Mazimba Ltd and Dr Askwar Hilonga, from Nelson Mandela African Institute of Science and Technology, attended a workshop chaired by Professor Iain Stewart at the University of Plymouth in July 2019 to explore sustainable solutions to farming and soil management.

Mazimba is looking for Business partners in the UK who can bring expertise and help to secure finance (approx. GBP300,000) to take the business to the next phase of growth in domestic and international markets.

To find out more about this opportunity please contact lise.hunter@plymouth.ac.uk

China

Meanwhile our China team work through Bridgwater and Changzhou based China/UK who are experts in the Chinese market. Darren Horne first worked closely with China on behalf of the government in his native New Zealand and the vital multi-ethnic balance is provided by Dr ZHU Aili. Both are highly connected in China and have achieved major breakthroughs in linking technical colleges in China and the UK by overcoming incompatibilities in the two countries’ qualification structures. They have several Chinese economic development zones queuing up to work with the team. Numerous innovative companies have already successfully secured licensing and tech transfer agreements and partnerships to their great advantage.

Currently the team are working on a project that will see the City of Nanjing, on the south bank of the Yangtse, cooperate with Southwest Business Council for assisting southwest companies to take advantage of the many benefits of working with China. The project helps UK education providers, cultural ambassadors and business and enterprise leaders to learn more about Chinese culture and business cooperation opportunities.

The UK has an abundance of innovation that has enormous potential value on the global market. However, there are several reasons why its commercialisation with China often fails. For a start, there is widespread concern about the safety of intellectual property. There are historic reasons for this that are well understood by the Chinese government and have caused them to tighten up severely on copyright infringement. Thus, as long as you are correctly advised, your IP is well protected.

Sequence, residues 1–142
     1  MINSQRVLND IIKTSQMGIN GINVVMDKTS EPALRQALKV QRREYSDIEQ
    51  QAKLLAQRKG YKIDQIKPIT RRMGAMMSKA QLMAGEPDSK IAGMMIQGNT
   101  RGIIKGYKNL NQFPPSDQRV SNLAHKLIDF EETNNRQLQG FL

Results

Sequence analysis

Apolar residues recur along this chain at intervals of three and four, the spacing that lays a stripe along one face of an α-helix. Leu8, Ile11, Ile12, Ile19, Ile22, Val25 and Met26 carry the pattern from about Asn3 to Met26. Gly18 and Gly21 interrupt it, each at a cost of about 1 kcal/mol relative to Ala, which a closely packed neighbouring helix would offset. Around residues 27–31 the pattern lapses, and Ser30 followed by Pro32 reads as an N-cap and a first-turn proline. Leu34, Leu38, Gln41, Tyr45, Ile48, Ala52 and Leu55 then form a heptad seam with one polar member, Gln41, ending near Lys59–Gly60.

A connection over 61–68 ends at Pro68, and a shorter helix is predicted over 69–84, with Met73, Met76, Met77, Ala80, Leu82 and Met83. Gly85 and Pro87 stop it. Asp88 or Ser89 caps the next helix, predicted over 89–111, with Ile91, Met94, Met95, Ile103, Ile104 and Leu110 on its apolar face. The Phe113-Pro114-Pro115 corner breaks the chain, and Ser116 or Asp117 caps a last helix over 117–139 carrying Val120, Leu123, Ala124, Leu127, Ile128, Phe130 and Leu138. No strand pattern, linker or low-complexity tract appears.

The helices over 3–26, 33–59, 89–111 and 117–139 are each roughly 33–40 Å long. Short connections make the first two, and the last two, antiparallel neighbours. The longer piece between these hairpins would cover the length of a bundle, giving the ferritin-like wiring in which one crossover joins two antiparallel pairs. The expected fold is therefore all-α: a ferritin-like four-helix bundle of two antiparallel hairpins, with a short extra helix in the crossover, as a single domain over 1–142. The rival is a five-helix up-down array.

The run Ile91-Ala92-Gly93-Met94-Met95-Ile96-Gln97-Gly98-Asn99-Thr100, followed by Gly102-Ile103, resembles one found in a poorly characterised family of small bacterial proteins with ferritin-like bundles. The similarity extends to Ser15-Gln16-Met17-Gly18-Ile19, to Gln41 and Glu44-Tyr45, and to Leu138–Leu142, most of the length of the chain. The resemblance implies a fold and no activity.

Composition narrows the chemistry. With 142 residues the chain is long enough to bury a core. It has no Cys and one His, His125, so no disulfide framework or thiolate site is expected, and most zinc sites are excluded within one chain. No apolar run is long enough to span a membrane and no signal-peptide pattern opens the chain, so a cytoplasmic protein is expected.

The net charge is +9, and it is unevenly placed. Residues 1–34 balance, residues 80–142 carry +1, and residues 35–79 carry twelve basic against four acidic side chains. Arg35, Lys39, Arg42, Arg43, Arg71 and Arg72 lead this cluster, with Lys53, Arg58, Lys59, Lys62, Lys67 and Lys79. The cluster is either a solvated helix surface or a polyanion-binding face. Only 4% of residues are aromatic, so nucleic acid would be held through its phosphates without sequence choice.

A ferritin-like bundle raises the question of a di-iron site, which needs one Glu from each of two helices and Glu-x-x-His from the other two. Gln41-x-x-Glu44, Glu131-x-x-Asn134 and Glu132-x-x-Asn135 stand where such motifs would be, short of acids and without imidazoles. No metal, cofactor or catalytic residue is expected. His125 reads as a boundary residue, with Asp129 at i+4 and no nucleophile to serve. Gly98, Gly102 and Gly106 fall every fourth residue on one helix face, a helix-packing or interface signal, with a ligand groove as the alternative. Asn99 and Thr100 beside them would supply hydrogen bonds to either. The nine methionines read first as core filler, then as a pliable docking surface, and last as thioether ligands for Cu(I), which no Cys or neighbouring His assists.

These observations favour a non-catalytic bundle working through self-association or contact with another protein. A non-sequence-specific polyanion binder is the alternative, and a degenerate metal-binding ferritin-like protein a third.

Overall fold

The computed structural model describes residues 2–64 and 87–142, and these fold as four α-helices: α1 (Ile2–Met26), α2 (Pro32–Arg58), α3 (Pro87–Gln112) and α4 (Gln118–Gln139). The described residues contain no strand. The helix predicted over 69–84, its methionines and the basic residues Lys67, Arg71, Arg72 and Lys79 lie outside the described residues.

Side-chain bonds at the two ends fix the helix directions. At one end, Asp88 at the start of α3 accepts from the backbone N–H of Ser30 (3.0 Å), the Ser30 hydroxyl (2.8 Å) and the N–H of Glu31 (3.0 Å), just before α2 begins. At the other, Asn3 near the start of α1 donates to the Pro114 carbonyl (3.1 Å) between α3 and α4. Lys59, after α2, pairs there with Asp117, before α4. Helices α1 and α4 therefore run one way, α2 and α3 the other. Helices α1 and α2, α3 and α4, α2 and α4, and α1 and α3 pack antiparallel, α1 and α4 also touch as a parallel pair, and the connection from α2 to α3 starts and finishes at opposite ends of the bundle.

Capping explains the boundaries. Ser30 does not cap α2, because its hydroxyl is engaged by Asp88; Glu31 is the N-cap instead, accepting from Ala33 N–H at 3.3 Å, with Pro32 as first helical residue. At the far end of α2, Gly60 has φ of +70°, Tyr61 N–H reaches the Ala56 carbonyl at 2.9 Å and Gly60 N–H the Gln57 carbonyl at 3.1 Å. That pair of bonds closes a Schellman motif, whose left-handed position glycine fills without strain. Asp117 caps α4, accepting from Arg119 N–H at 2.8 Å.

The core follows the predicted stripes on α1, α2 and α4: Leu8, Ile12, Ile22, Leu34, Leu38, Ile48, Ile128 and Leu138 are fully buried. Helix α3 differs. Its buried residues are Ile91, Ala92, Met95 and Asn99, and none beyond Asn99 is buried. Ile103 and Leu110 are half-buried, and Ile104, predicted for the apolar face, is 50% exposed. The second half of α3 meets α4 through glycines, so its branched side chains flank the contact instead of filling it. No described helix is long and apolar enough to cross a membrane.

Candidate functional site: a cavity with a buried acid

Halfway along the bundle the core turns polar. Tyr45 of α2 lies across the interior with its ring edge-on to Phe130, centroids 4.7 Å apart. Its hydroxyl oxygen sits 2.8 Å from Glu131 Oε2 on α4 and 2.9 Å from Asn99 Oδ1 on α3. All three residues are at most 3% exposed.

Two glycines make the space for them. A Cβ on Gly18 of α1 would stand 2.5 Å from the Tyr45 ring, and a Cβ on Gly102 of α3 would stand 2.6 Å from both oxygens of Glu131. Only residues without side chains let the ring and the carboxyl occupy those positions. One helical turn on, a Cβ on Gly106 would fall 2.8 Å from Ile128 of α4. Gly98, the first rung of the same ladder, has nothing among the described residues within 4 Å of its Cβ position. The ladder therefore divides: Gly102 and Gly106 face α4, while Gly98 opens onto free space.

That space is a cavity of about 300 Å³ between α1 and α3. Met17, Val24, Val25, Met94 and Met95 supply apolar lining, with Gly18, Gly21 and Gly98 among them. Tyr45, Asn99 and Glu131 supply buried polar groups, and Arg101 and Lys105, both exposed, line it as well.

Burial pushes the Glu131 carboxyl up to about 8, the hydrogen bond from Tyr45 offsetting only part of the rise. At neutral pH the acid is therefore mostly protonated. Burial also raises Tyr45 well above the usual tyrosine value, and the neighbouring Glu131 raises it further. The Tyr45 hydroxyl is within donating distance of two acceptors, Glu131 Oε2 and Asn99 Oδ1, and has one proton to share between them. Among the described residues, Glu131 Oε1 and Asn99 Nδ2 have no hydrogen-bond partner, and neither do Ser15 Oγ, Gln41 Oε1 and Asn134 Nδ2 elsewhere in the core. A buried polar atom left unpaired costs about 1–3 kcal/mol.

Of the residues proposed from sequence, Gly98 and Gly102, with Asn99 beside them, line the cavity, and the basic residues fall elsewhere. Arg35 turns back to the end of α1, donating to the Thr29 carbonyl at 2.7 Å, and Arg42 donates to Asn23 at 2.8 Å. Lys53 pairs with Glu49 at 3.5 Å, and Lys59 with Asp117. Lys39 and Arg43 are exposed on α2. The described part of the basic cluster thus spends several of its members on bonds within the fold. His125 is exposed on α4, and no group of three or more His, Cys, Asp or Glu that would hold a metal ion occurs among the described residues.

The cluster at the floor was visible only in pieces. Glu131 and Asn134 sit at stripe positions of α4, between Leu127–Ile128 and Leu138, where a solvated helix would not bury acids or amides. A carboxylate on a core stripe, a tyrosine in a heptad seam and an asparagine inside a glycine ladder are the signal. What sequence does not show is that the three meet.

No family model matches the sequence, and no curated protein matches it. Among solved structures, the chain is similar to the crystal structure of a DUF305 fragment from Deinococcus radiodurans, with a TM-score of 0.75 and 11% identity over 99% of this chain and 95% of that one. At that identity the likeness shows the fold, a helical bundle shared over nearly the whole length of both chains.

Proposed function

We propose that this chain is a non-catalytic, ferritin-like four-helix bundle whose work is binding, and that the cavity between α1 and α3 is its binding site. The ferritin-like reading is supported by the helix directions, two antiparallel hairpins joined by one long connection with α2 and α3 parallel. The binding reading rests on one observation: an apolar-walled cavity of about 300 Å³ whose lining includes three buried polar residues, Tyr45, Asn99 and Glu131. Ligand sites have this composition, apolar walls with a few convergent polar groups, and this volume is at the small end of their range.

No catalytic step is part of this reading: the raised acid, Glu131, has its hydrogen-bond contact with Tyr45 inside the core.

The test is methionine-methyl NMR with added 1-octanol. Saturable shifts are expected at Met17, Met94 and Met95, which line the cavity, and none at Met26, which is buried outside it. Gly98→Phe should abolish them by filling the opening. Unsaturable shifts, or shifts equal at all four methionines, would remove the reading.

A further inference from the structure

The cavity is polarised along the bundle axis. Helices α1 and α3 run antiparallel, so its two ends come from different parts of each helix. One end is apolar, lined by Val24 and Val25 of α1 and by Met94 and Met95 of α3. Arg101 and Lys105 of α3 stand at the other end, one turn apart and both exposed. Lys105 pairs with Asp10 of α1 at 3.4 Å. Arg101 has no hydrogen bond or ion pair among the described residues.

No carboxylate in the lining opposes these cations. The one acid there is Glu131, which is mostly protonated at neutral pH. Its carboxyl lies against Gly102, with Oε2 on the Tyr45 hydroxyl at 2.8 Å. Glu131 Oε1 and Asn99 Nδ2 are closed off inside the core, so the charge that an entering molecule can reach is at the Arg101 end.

The project with Nanjing has been supported at the highest level of Government in China. As the SWBC China Team has the best contacts and understanding of the market, interested members can feel assured of both success and safety. If you are interested in learning more, please contact chrismarrow@btinternet.com.

Dr ZHU Aili, reports – Part of the Chinese economic development strategy is to import innovation with the intention of manufacturing and re-exporting. Quite often Chinese partners that support manufacturing with UK partners are also investors in innovation themselves with global connections.

The Economic Development Zones are run by government personnel in China and, the Chinese government will oversee and support projects that involve secure IP and manufacturing under licence. It is important to the Chinese government to install confidence in the Chinese systems, laws, and business culture to enable the opening up and sustainability of international trade.

Therefore, our project with JiangBei Economic Development Zone and in turn, the Nanjing Government, is highly valuable to us. They will help us to ensure our SWBC members have safe, enjoyable, and successful access to China, and long-term friendships with Chinese people.

India

Tony Parry has long been closely connected to SWBC and has a lifetime of experience of working with India. He is firming up on connections with organisations such as the UK India Business Council with a view to spreading SWBC’s international reach to include the Indian sub-continent. Contact tony_parry@talktalk.net if you would like to know more.

Conclusion

If you want to spread your wings, SWBC ‘s international teams would love to hear from you.